Weird in every way possible, you won’t visit many pubs that leave you feeling quite as depressed and lonely as Gullen’s Bar.

Like an old dog or an ageing leather armchair, someone has to love them, but you can’t help wondering why?

It looks like any other old shop front in Saltdean but Gullen’s must have been a café in a past life; in fact it pretty much still is. Somehow it survives as a weird hybrid, it’s as if a greasy spoon has had a dodgy night out with the worst six pack of supermarket lager you can imagine and they’ve both done something they’ll regret in the morning.

Storm Caroline might not have helped the situation but you can’t blame the bad weather for the atmosphere.

A long wooden bar sticks into the centre of the café and there are stools along two sides. The only drinks on draught are Fosters, Kronenbourg, Courage Best and Strongbow – for whatever reason I was the only person on the draught.

A small, wizened fellow by the name of John, at the front of the bar, was on rose wine and sat happily whistling or singing along to Heart Radio. His singing was bad, but his whistling much worse, particularly as the regularity of his belching meant he kept losing the tune completely.

It must have been catching as the only other punter also started belching loudly and even I began feeling a little windy.

At this point customers outnumbered the staff by three to two, but we were soon joined by Chris, who came in to tell us about the new house he’d bought. He’s particularly pleased with the deceptively large kitchen and the fact he managed to get the American-style freezer from the previous owners for £100. Mind you, even he avoided the draught and opted for a bottle of Becks.

When I’d first come in the fellow behind the bar, smartly dressed in a blue shirt and black waistcoat, had dropped a bottle of red wine and then spent a good ten minutes clearing up.

The more I watched him, the more he reminded me of Walter White from Breaking Bad.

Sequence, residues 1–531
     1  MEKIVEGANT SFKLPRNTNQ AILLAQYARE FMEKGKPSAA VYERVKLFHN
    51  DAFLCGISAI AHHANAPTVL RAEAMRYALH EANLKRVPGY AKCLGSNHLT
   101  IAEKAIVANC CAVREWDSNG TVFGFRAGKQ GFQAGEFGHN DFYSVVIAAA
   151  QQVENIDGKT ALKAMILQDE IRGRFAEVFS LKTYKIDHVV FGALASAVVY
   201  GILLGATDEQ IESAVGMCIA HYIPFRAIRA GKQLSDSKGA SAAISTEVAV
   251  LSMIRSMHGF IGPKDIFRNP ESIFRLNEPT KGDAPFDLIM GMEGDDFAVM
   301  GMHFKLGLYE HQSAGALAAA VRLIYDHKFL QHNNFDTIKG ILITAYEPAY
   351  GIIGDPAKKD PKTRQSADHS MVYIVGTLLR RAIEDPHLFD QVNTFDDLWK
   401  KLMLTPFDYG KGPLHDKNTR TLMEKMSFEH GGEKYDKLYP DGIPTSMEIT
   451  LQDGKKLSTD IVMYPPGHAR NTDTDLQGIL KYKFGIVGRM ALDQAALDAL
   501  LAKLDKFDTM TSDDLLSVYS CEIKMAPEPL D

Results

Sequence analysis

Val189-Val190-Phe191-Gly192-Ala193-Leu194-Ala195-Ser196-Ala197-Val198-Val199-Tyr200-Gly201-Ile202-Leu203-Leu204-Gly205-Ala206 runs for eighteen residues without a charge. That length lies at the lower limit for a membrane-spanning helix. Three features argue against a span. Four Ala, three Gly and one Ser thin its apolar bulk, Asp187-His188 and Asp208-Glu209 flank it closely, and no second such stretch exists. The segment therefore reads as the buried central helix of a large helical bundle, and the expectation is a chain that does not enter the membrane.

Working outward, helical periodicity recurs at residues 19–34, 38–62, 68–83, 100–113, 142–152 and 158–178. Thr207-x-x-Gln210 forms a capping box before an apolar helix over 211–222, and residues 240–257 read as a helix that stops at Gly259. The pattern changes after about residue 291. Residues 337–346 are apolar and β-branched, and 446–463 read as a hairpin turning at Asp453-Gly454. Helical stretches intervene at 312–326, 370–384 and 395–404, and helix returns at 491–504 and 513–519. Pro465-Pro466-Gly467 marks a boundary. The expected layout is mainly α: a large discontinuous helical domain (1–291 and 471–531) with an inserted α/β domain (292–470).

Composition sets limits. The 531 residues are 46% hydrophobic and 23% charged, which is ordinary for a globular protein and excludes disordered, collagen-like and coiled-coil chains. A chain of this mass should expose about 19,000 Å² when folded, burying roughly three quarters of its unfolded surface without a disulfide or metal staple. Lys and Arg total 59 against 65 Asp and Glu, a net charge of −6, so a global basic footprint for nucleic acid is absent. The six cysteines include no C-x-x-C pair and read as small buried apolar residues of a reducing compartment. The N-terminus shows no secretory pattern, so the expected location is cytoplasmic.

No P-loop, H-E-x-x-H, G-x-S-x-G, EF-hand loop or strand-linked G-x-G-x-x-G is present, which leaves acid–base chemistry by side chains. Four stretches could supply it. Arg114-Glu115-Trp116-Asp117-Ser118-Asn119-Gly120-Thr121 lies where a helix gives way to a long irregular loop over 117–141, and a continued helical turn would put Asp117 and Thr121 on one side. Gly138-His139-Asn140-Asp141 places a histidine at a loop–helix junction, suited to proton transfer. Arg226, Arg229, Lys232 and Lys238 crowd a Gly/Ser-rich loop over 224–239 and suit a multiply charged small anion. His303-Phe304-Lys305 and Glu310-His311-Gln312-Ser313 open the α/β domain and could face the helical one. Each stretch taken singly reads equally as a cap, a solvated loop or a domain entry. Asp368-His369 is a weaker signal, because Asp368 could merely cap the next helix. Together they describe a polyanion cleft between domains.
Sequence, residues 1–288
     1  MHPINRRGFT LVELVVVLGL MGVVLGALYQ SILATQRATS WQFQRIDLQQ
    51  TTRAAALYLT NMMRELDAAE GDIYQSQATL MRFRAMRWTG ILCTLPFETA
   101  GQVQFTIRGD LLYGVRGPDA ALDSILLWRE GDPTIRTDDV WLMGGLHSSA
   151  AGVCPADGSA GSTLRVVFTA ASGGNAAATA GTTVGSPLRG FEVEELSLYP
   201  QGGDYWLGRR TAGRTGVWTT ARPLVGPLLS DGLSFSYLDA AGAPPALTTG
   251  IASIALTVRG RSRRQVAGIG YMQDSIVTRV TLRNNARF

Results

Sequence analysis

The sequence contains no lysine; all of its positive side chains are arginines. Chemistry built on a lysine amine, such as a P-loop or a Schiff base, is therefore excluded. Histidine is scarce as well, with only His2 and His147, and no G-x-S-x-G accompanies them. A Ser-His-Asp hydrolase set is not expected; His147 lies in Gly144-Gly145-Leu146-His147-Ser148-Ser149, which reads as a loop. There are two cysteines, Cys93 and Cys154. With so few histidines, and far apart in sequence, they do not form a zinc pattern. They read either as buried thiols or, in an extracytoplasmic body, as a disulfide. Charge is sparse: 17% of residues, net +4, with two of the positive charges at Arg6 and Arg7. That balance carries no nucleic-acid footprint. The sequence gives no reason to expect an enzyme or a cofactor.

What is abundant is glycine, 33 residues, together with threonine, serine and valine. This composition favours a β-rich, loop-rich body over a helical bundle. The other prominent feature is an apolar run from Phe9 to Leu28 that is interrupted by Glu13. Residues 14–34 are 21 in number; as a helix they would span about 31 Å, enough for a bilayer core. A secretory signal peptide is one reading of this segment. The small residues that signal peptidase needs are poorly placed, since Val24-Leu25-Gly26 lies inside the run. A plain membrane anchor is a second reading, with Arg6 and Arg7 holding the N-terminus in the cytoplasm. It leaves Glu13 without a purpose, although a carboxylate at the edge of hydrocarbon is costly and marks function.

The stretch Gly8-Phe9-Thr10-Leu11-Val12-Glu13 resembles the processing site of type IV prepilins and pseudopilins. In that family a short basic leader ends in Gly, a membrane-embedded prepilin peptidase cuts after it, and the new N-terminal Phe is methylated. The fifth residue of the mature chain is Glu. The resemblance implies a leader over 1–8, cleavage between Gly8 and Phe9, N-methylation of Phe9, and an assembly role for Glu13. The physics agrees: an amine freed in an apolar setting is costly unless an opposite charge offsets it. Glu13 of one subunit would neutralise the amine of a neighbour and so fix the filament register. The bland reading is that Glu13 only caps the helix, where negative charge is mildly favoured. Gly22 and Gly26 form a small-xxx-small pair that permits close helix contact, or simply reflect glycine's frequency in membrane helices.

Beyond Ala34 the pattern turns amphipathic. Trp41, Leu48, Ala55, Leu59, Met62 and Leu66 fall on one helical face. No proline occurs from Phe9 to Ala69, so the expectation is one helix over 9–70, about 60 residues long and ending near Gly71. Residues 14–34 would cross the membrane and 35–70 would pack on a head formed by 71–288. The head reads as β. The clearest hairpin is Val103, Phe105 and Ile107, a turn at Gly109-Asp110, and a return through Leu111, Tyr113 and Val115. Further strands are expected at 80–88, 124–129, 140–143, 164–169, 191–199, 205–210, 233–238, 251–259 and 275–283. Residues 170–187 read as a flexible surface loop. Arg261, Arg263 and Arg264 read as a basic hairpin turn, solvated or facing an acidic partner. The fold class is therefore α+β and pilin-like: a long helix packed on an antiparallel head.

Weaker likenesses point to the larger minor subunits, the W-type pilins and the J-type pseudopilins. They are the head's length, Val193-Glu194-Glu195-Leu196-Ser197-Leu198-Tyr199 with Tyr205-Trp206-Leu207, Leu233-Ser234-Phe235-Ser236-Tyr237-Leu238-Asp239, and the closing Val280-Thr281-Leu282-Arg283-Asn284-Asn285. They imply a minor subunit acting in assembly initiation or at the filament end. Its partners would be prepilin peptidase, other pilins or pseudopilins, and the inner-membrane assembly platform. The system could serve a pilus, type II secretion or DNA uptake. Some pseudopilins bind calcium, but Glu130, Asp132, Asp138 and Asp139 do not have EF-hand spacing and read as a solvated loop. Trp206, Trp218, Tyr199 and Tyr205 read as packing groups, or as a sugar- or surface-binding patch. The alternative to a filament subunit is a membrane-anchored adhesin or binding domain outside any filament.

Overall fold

A short conversation about the waxy nature of new ten pound notes and how easily they slip out of your hand then took place before another guy wandered in. He opted for bottled Budweiser but, for some unfathomable reason, was lucky enough to be handed £20 as soon as he walked in.

The rain outside turned to sleet but even that seemed inviting compared to sitting in here.

I decided I needed to try and be upbeat, so thinking I’d spotted another draught offering I went for a pint of Guinness. Sadly I was mistaken and a can was poured into a glass before being jiggled on one of those strange machines I thought died out a decade ago. Barmaid Julia took great care pouring it and it looked like Guinness, but flattered to deceive.

Walter and Julia both had a cuppa in Mister Men mugs – even they weren’t touching anything on draught.

A couple of women came in and ordered lunch, along with two glasses of water, but they were left waiting for their sausage, beans and chips as two guys in a Willow van then made a delivery.

I assume there’s no back entrance as all the boxes and kegs were wheeled in on trolleys through the front door. In any other pub such an interruption might be distracting, or even mildly annoying, but in Gullen’s it was welcome entertainment and lifted the spirit of the place. Not that the two guys were particularly jolly; in truth they moaned about the weather too, but at least they delivered some life into the place.

There are Spartan decorations with a bah humbug sign that doesn’t work, two Christmas cards have been put up there’s an apt picture of a penguin among the snowflakes.

One sign offers house spirit doubles for £3.25 but others warn children must be accompanied everywhere and dogs have to be on leads.

Pubs that opt not to have pool tables, dartboards, fruit machines or jukeboxes normally do so because they’re fantastically warm and welcoming places where people go to enjoy the craic – Gullen’s Bar isn’t normal.

This isn’t the worst bar I’ve visited, but it must be the most depressing. On the bright side, it looks so much like a shop there’s every chance you’ll walk straight past without even noticing it is a pub – good luck.


Decor: ★☆☆☆☆

It’s decorated like a café from the 1970s.

Drink: ★★☆☆☆

Hardly anything on tap and the locals avoid the draught offering like the plague.

Price: ★★☆☆☆

£4.10 for a can of fizzed up Guinness.

Atmosphere: ★☆☆☆☆

The most enjoyable time was when two fairly fed up guys made a deliverys

Staff: ★★☆☆☆

They didn’t look any happier to be here than the customers.